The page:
Deborah Norville on the Story of a Mother's Quest for Justice That Inspired Her New True Crime Lifetime Movie | Inside Edition

Deborah Norville on the Story of a Mother's Quest for Justice That Inspired Her New True Crime Lifetime Movie

Inside Edition Anchor Deborah Norville is one of the executive producers of the new Lifetime movie, “The Long Island Serial Killer: A Mother’s Hunt for Justice.”

Inside Edition Anchor Deborah Norville is one of the executive producers of the new Lifetime movie, “The Long Island Serial Killer: A Mother’s Hunt for Justice.” The film tells the story of Mari Gilbert, portrayed by Kim Delaney, who pushed police in Long Island, New York to search for her missing daughter. In so doing, authorities ended up discovering the bodies of several victims of a serial killer.

“I think the thing that I take away from this movie is that all of us have power," Norville said. "If it weren't for this woman in real life named Mari Gilbert, as many as 16 murdered women's bodies would have never been found."

It all started when Mari's daughter, Shannan, didn't come home from a date in the spring of 2010. Shannan was in her 20s and working as an escort. "Now, she saw her mom that evening. In fact, saw her just before she was leaving for the date," Norville said. "So the timeline was established, but she never came home. There was a mysterious call to the police by Shannan saying, 'They're trying to kill me.'Then the line went dead. She disappeared. They looked and looked, but they didn't find her."

A week after Shannan's disappearance, Mari received a call from a man who said, "I tried to help your daughter, but she wouldn't listen." Mari tried to ask questions, but the line went dead. 

"Mari Gilbert went to the police and she said, 'My daughter is missing. She disappeared.' They said, 'Oh, when was she last seen?'" Norville said. When Mari said Shannan had been on a date, police asked if she was a sex worker.

"So the cops were not interested because this woman was, in their mind, a marginalized person," Norville said. "But Mary wouldn't be deterred. She kept pushing."

Mari hired a private investigator and refused to go away quietly.

"She was such a nuisance that the cops actually did investigate, and using a piece of Mari's clothing, they sent out cadaver dogs," Norville said. "Shannan Gilbert disappeared in the spring of 2010. Her body wasn't found for almost a year and a half, but in the course of looking for her, they found other slain women's bodies, some of which had been dismembered."

Police later determined some of the women whose remains had been found disappeared a decade before Shannan vanished.

"So this was a serial killer who had been in operation for close to 15 years," Norville said. "As far as anyone knows, he's still out there."

Mari advocated for justice for not only her daughter, but for every other victim found along Ocean Parkway, reminding investigators and the media that the women did nothing to deserve being killed.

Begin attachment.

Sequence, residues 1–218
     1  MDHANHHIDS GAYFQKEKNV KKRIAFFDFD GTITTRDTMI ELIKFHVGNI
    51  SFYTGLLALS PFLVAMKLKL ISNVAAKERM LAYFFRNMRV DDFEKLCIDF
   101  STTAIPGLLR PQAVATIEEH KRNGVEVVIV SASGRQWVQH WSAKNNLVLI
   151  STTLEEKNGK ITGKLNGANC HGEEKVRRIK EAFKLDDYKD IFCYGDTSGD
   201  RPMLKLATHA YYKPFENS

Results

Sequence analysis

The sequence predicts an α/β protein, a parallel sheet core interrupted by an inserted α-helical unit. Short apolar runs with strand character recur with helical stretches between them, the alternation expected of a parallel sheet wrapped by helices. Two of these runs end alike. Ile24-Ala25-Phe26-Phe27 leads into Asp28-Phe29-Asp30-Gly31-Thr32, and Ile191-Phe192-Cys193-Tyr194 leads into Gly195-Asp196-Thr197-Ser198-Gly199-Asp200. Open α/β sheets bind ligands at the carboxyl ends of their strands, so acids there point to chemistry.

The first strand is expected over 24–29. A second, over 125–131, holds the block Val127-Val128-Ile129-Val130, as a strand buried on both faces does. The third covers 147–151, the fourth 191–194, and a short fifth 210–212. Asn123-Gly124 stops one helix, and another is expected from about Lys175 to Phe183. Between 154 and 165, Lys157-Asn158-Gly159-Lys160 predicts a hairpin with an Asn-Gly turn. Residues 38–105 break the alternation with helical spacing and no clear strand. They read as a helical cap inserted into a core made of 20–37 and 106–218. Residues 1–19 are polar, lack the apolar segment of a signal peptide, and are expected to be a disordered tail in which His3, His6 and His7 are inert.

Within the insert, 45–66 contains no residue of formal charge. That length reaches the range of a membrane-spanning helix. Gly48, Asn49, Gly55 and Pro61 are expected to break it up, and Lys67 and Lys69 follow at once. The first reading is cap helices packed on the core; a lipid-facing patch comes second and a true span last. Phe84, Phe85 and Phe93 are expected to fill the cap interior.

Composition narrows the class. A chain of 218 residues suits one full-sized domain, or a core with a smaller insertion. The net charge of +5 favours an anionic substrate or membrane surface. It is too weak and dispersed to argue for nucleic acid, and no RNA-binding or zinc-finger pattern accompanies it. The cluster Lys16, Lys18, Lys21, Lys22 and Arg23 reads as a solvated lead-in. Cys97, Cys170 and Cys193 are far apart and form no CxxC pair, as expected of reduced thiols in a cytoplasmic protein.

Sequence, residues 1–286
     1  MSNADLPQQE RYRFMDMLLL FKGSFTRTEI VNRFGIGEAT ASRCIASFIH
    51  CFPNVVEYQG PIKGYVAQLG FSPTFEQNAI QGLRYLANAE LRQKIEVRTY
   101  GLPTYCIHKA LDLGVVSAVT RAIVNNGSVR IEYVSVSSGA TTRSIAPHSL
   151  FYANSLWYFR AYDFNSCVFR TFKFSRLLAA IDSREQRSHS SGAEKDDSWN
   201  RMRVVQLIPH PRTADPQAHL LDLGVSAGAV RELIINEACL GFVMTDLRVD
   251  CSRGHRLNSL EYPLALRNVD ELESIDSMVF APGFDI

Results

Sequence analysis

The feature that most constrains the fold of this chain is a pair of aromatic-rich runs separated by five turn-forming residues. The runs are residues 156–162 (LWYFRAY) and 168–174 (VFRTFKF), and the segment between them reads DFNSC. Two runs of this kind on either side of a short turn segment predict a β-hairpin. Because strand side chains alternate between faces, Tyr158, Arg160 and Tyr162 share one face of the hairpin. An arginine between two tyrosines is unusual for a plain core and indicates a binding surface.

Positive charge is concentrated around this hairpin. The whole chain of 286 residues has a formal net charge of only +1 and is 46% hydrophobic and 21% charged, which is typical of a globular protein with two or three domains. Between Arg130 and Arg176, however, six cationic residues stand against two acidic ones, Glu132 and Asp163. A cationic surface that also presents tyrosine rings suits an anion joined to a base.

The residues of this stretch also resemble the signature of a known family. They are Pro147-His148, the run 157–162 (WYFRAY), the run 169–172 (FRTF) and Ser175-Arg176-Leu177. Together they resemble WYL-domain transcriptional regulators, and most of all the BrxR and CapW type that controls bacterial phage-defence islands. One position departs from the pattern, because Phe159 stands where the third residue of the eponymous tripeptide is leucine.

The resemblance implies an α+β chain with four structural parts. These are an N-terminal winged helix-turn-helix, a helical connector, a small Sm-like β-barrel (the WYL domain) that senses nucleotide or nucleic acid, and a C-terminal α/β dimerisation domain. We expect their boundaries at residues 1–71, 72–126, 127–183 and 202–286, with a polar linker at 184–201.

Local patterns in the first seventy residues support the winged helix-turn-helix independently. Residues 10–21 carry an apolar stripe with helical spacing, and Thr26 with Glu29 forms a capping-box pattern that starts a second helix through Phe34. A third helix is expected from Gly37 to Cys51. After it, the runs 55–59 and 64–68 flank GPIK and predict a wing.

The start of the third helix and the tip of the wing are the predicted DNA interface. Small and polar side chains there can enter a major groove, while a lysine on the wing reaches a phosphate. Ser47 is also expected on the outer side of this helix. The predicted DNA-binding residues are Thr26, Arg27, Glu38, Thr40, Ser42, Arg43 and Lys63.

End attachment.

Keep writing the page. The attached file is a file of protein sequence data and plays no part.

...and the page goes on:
"They were people. They were sisters, they were mothers, they were daughters. However they met their end, they didn't deserve to die as they did, and no one should be able to get away with murder," Norville said. "So this is a story that really grabbed me for all of those reasons. What I want is people to know that no one should go unrecognized, unremembered, unfound, unprosecuted if they're the bad guy."

At the end of the movie, Lifetime shares information for NamUs, the National Missing and Unidentified Persons System. By bringing together people, information, forensic science and technology, NamUs helps resolve missing, unidentified and unclaimed person cases nationwide, while providing support to victims and their families.

"It's a national organization that has as its goal to help all of those missing and forgotten individuals whose cases are so cold that they've got icicles on them to be found, to be remembered, to be investigated, and perhaps ultimately to be solved and bring closure to people," Norville said.

Over 600,000 individuals go missing in the United States every year, according to NamUs. Many missing children and adults are quickly found alive and well. However, tens of thousands remain missing for more than one year in what many agencies consider “cold cases.” At the same time, an estimated 4,400 unidentified bodies are recovered each year, with approximately 1,000 of those bodies remaining unidentified after one year, NamUs reports.

Several of the 10 women whose remains were found because of Mari's refusal to remain quiet about her daughter's disappearance have been identified.

"I think the thing that I take away from this movie, besides the fact that Kim Delaney is amazing in this particular role, is that all of us have power. Mari Gilbert was just a mom. Well, guess what? Just a mom can make things happen," Norville said. "So I want everybody out there listening to the story to know that whoever you are ... you can make things happen. So own your power, because this mom did and she made things happen.

“The Long Island Serial Killer: A Mother’s Hunt for Justice” premieres Saturday, Feb. 20 at 8 p.m. on Lifetime.

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